The magic number, revealed

The magic number, revealed

Vanessa Stoykov

A very interesting statistic came to light in the recent Australian Talks National survey, in which more than 50,000 Australians took part.

While there were many fascinating insights in the report, one of the most interesting ones to me was the magic number of $3000.

It seems that those people who earn $3000 a week or more worry less about pretty much everything. The worries that the rest of Australia listed they were grappling with included loneliness, crime, job security, getting older and cost of living.

In reverse, the only thing that the magic $3000 folk worried about more than other Australians was work-life balance. I read this with great interest. I have always wondered what the magic number is. The figure, financially, that people can hold up as the amount that could help their worries disappear.

Well, according to this survey, $3000 a week is it.

That seems like an awful lot. When 80% of Australia earns $80,000 or less, there can’t be too many Australians who are not particularly worried about the state of their world. And with 700 Australians retiring every day, we all march into the great unknown of an uncertain local economy and global environment.  It seems the worries of this aging nation are going to continue to grow.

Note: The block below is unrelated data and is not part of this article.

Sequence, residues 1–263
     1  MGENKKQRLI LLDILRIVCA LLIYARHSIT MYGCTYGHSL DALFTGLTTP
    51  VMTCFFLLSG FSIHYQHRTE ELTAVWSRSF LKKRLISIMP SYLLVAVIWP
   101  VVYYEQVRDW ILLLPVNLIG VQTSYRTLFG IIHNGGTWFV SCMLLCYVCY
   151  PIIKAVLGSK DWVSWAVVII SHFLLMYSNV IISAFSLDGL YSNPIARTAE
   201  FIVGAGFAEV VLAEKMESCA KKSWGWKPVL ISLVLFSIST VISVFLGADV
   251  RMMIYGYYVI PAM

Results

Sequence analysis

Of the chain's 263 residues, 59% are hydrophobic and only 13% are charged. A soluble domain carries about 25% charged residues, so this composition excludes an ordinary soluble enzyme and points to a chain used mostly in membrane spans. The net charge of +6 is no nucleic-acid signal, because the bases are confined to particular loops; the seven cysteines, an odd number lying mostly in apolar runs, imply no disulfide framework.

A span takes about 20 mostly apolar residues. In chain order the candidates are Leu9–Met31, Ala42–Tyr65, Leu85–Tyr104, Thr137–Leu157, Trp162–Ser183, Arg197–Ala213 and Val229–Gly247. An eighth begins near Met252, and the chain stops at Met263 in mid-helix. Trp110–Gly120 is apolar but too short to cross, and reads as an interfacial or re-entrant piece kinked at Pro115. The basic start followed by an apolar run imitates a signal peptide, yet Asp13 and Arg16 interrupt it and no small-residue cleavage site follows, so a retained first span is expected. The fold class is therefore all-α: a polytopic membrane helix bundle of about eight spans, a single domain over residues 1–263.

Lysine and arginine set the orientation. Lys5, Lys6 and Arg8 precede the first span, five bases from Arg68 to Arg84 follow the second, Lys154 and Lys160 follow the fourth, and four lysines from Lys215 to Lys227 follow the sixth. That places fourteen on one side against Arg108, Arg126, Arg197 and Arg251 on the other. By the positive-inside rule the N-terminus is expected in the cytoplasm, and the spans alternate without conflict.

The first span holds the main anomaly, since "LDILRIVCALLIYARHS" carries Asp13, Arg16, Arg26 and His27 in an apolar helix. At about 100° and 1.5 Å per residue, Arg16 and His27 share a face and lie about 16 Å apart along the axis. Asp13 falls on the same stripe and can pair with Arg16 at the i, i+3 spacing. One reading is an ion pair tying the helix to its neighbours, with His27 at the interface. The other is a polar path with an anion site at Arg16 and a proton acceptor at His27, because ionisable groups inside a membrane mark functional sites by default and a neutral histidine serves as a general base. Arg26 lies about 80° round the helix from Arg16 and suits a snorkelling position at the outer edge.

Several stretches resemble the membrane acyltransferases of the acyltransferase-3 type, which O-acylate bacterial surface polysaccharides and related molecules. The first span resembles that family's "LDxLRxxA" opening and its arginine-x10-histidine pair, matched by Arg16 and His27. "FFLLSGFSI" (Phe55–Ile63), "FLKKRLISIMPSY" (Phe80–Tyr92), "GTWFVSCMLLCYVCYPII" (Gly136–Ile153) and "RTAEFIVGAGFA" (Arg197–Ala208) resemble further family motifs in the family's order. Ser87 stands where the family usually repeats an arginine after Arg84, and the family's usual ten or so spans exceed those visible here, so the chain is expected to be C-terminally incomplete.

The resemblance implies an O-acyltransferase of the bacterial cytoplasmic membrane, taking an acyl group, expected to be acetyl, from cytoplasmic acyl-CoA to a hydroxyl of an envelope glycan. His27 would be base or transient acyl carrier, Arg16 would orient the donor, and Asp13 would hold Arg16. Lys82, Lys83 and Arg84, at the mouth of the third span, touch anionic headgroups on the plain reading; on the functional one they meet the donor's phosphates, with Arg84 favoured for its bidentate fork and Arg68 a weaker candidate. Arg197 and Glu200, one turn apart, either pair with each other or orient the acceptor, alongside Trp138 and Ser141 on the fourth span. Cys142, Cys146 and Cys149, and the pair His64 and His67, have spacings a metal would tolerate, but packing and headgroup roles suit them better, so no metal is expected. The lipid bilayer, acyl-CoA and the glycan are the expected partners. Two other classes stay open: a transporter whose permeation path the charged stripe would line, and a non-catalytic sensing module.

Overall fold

Other big issues facing Australians, according to the survey, varied state by state – the survey showed that in NSW, water was the biggest issue of national concern. In Victoria it was cost of living, while Tasmanians cited drug and alcohol abuse as the biggest concern they have.

The other big issue which haunted over 45% of all the people in the survey was housing affordability. Most people believe they won’t be able to afford to own their own home one day, and it scares the hell out of them.

So Australia as a nation has a lot of changing to do – about the way we think about home ownership, how we regard our retirement plans (push them back is the logical way of thinking about it) and how we deal with an ever-increasing epidemic of drug and alcohol abuse.

This problem is surely about people trying to escape their worries and circumstances – and leaves a legacy that is hard to change when the next generation has grown up in that environment. We are, and have always been, the lucky country. But it cannot be just lucky for those earning $3000 or more a week.

It has to be a shared good fortune. How this unfolds will be a challenge for us all.

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